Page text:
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Discussion Starter · #1 · (Edited)
My suburban takes about 5-7 min, depending on outside temps to idle down after it's started from an extended sit.

Nothing makes me cringe more than watching my rpm's hover around 1200-1500 while the engine warms up. Especially with the gas prices the way they are today.

What I'm doing is installing a heated O2 sensor in place of my non-heated one.
NOTE: This write up is going to have specifics for a 1993 suburban. Other years MAY be similar, and possibly will be identical. This walk thru is meant as a guide on how to convert your non-heated O2 sensor to a heated one. You may have to do some independent thinking to get the job done for your application, if it is different from mine. Sorry, I just can't cover all makes and models.

So, on to the good part.

For starters you'll want to obtain a heated oxygen sensor. The method I used was to put the parts guy to work. Had him lookup the sensor for the 96 suburban with the 7.4L engine (the pre-cat sensor), and compared it to the sensor for the 93 suburban with the 7.4L
The sensors were identical in thread, and diameter.
The sensor I got is a Bosch #15732, and is regarded as a generic heated sensor.
The great thing about this sensor is that it comes with it's own connector, so you can wire it up to just about any vehicle.

Contents of box for Bosch heated oxygen sensor shown below:

Next you'll want to obtain a 30Amp automotive relay. You can get these from Radioshack, auto parts stores, Car audio, and alarm shops have them as well. Make sure you get the harness to go with it, otherwise you'll either be soldering directly to the legs, or you'll have to go back out to get the harness later.

If you don't already have it, now would be a great time to pick up a wire terminal set with a crimper.

Probably the only specialty tool you'll need is for the sensor itself. However you could use an adjustable wrench, 7/8" wrench. But the proper socket is fairly cheap, and worth having.
As you can see from the image below the socket has a slice up the slide, which allows for the wire to sit outside the socket, and not interfere with putting the sensor in.


· Registered
2,934 Posts
Discussion Starter · #2 · (Edited)
So let's get started.

First let's get the vehicle either supported on jack stands so you can crawl under comfortably, or up on ramps, which I prefer. Chock your wheels, set your parking brake. Your safety is paramount. You can't enjoy the fruits of your labor if you don't live long enough to do the job.

Now a visual inspection of your current exhaust pipe where the oxygen sensor is a good idea. If your pipe is rotting, and ready to fall apart, you'd be best to have it replaced, or do it yourself now while you're under there.

Using a ratchet, and the Oxygen sensor socket remove the old sensor, and discard it. Or save it, if you like. At this point since you're under there, you can install the new one now, and leave the wires hanging for the moment.

Once the sensor is installed you're off to the next step, providing power to the sensor.
For my application, I'm tapping into the fuse on my fuel pump. It's easy access, it's already under the hood so no wires to run through the firewall.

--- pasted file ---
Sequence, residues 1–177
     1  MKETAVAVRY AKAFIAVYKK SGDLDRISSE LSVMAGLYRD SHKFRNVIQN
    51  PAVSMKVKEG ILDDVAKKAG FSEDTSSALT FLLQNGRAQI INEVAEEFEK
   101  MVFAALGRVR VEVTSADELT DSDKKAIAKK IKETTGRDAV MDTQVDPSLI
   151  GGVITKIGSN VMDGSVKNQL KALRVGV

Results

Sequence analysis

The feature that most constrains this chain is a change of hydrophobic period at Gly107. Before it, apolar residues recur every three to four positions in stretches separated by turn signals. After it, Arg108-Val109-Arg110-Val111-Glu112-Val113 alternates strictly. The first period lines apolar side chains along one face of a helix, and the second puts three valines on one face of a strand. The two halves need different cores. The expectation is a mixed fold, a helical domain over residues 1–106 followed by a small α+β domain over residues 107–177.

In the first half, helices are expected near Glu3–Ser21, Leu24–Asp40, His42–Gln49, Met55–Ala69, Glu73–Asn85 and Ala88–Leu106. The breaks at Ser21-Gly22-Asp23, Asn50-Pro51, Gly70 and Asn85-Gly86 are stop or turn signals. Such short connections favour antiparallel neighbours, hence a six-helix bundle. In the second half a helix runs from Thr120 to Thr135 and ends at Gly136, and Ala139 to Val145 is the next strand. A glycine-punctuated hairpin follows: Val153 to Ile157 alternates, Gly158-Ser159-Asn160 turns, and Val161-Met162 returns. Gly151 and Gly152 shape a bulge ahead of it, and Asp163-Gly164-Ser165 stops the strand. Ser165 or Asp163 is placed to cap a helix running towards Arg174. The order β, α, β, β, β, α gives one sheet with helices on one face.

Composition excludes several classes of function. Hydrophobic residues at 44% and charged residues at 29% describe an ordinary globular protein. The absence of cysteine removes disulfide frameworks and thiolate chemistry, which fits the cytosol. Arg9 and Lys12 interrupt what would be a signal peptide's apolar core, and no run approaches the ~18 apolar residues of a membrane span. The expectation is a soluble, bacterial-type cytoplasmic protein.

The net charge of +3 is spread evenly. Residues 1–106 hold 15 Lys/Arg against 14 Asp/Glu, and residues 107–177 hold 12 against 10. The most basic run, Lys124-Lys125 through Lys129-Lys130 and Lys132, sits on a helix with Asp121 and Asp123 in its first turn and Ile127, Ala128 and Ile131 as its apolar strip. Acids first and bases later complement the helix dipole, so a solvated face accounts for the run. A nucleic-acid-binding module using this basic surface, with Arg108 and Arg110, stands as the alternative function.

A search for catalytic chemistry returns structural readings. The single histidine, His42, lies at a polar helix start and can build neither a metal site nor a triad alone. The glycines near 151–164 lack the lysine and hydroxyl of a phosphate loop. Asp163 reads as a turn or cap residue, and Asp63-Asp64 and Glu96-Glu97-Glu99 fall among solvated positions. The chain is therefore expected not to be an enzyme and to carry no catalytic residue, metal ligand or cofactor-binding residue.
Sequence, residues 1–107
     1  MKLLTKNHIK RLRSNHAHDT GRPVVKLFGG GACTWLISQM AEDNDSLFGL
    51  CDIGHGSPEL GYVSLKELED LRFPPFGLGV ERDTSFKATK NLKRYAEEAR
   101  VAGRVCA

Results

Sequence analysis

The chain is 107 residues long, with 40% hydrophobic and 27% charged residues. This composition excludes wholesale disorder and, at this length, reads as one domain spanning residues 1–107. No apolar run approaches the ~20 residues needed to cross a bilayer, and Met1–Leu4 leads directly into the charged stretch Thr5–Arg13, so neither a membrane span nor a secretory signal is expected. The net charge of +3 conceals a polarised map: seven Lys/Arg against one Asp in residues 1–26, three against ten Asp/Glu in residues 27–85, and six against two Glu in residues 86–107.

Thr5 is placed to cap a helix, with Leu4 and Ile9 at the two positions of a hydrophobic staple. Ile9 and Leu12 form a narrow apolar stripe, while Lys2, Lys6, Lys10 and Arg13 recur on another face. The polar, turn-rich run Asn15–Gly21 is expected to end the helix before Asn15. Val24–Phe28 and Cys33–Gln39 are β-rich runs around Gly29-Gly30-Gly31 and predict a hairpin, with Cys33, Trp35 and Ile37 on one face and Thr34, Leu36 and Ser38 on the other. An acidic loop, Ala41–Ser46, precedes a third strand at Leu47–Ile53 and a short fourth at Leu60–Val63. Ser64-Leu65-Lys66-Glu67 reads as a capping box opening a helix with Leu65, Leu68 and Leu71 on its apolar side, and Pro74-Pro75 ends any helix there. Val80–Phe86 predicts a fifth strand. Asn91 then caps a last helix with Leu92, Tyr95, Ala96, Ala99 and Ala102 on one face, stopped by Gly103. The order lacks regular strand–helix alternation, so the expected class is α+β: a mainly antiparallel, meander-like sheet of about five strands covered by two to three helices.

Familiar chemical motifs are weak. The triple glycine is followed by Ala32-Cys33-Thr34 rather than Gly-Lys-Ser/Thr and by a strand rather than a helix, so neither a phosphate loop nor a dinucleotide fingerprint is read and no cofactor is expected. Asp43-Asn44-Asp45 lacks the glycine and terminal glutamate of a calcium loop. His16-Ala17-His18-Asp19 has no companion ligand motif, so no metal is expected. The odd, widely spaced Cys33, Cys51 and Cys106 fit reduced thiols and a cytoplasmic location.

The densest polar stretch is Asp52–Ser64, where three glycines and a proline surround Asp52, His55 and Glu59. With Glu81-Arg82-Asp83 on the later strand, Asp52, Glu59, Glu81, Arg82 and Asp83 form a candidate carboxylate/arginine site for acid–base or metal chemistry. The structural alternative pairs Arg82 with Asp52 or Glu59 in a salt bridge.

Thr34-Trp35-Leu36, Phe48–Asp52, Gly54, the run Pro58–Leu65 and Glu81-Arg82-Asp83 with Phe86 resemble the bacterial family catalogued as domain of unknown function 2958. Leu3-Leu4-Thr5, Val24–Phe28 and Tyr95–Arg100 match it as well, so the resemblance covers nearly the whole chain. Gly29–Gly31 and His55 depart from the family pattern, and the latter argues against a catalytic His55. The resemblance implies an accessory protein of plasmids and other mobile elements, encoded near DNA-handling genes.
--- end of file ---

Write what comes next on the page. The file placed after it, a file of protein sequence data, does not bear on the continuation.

Also, all of my other connections for the relay will be made here, so minimal wire will be run.

Next to the fuel pump fuse, you'll notice a row of terminals. Those are all positive leads. I'll be using those as well.

This is the schematic for the project:

The black lead on the sensor is the signal wire. This will get connected to the only wire that hooked up to your original sensor.
The two white wires are for the heater. The heater has no polarity, so it doesn't matter which of the two white wires goes to the ground, and which goes to the relay.
The gray wire from the sensor is the sensor ground. Therefore, it get's grounded.

In the schematic the "hot in run" wire goes the cold fuel pump wire when the key is on and fuse is pulled. I would suggest changing to the fuse to a 25amp to be on the safe side. You'll need a multimeter to test for the cold side.

Most of these relays have 5 poles. Make sure that the connections are made so that the switch in the relay is open when not energized (as viewed in schematic above) The relays also have a small schematic on them that will help you decipher the proper way to hook it up accordingly with the above schematic.

In schematic, the positive line that goes to switch side of relay is going to terminal post located next to the fuel pump fuse.

The last step is optional, but provides the best results. This would be to have your chip reprogrammed to seek the O2 signal sooner. Which will put it into a closed loop status earlier, and lower the idle. Otherwise it will still idle higher, since the ECU is programmed for a timed warm up idle.

· Registered
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Discussion Starter · #5 · (Edited)
Feedback welcome

Heating the O2 sensor is misleading and I suspect it reduces your mileage.

Paul, you're certainly welcome to your opinion, and I didn't expect everyone to fall down, and lay praise over this conversion. (just Jamie:winktongue:)
But I have to disagree with the idea of jumping in and drive. My trans was just rebuilt, and I have no intention of dropping it into gear while it's idling at 1500rpm. It puts undo stress on the clutches, and steels, and over time will wear them out prematurely.

I just wanted to share this conversion with our club. It's up to each member to decide if the conversion is right for them, and obviously it's not for you.
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